Tory councillor Richard Eddy, the former chairman of the cross-party Libraries Select Committee, commented: “I am delighted that our detailed concerns have been taken up by the Scrutiny Commission and it shares our grave misgivings over the future of the library service if this move goes ahead.

“Sadly, this hare-brained scheme does not stand up to scrutiny on library grounds, value-for-money or even the claimed educational merits of the case.”

Retired Art Reference Librarian Anthony Beeson added: “The campaigners were impressed at the manner in which  the Scrutiny Commission both examined the proposal and also detected  the considerable flaws in the environmental impact on the Central Library building and the negative effect to users of the library service, library staff and young people.

“Councillors serving on the body also had major fears over the suitability of the Central Library for its proposed use and the manifest failure of this plan to help meet the demand for primary school places in central Bristol.”

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Neighbourhoods & Communities Scrutiny Commission does not support the proposal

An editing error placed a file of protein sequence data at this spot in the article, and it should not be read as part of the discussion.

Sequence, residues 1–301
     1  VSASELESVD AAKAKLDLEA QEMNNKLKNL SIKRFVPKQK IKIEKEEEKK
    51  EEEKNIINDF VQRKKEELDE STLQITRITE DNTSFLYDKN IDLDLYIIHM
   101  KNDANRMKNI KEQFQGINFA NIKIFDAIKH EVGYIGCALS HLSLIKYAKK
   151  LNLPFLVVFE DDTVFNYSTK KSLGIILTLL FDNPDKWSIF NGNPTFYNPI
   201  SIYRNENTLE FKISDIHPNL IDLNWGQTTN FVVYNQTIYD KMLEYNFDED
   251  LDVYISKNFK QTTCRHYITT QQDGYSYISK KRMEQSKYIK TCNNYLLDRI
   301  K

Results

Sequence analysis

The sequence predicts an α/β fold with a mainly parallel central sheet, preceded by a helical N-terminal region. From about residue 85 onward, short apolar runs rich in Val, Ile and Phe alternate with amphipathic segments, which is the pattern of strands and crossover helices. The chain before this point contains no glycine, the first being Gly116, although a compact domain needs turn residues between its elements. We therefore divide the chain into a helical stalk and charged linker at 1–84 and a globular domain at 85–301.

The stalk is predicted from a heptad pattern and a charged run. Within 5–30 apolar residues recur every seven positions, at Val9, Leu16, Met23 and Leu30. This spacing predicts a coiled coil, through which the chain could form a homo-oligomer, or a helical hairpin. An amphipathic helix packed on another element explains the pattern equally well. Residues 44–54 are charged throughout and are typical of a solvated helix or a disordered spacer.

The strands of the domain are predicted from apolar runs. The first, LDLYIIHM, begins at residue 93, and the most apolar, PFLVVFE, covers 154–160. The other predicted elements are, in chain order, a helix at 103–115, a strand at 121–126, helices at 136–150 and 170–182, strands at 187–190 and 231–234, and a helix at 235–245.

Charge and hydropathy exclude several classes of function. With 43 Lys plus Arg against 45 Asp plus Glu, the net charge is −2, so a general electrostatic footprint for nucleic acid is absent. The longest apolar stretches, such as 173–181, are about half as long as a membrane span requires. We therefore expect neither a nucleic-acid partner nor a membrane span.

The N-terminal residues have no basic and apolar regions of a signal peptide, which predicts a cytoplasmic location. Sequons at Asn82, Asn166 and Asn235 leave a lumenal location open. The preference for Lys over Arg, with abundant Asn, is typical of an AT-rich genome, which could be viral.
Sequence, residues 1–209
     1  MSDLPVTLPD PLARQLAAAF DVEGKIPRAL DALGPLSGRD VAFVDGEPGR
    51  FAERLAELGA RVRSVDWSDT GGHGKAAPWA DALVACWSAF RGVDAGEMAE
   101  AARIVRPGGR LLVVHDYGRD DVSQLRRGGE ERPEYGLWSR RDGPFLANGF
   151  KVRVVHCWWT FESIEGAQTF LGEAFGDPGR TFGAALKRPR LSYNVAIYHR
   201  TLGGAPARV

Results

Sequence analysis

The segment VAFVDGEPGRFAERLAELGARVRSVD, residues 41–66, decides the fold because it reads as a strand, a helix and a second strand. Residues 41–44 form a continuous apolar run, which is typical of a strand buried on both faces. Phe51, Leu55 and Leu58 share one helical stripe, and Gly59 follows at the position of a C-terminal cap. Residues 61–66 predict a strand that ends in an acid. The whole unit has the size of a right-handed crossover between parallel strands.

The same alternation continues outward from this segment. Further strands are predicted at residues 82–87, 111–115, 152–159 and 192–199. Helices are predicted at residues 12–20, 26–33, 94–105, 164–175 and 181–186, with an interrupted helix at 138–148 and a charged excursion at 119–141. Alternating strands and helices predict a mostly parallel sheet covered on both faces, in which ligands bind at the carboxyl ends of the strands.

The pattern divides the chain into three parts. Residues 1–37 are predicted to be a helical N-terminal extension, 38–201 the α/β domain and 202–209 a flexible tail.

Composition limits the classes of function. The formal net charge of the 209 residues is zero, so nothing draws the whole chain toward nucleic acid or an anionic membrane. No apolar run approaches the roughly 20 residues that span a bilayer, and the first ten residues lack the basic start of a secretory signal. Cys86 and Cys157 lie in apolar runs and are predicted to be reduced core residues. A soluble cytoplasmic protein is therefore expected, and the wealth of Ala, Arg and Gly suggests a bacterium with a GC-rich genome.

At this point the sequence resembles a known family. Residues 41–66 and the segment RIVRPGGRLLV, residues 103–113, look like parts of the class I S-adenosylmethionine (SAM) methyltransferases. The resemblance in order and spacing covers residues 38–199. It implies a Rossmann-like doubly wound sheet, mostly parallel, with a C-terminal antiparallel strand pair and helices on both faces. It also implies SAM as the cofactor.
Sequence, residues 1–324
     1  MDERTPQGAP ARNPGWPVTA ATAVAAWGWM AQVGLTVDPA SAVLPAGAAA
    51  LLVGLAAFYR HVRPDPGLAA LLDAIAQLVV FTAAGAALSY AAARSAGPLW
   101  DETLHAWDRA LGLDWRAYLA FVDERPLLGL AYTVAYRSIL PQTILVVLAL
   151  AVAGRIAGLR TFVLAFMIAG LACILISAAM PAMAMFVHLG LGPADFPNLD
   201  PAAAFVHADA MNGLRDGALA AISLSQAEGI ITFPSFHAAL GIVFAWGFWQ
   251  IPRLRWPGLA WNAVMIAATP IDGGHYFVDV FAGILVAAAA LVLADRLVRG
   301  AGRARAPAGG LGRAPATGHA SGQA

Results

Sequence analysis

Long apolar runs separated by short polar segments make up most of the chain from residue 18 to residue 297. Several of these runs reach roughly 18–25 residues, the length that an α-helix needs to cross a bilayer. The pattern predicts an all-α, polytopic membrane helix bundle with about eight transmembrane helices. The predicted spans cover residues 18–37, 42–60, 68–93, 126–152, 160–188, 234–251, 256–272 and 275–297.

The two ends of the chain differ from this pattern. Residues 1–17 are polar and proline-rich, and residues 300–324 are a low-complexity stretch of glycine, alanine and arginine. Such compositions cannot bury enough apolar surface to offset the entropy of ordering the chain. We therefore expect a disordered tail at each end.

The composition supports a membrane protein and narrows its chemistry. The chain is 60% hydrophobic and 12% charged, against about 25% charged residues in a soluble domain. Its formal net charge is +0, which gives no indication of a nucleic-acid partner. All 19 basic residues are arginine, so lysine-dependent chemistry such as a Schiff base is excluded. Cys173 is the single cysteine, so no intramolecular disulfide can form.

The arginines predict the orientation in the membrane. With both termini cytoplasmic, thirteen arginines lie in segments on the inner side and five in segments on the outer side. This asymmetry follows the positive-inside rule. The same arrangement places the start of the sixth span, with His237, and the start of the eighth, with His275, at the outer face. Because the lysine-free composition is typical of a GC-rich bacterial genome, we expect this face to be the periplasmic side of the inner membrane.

Neighbourhoods & Communities Scrutiny Commission met on Wednesday 20th November to scrutinise a proposal from Cathedral Primary School to lease the two lower ground floors of the original Holden building, Bristol Central Library. The definitive text from that meeting is below, without annotation or comment from Love Bristol Libraries.  Full minutes of the meeting will be available at a later date on the Bristol City Council website. We’ll provide the link to the official minutes when published.

“That the Mayor & Cabinet be advised that the Neighbourhoods & Communities Scrutiny Commission does not support the proposal to lease the lower two basement floors ( of the original Holden library) of Bristol Central Library to the Cathedral Primary School.

“The Commission found that the current proposal left unanswered questions around:

  • the suitability of the site for its proposed use;
  • its impact on the availability of school places for local children;
  • the environmental impact on the building itself and the transport of children to and from the school;
  • the potential negative effect on users of the reference library when the bulk of the reference material is stored off-site.

“The Commission was not satisfied that the Equality Impact Assessments provided an adequate impact assessment of the proposals on library-users, library staff and, most importantly, young people.”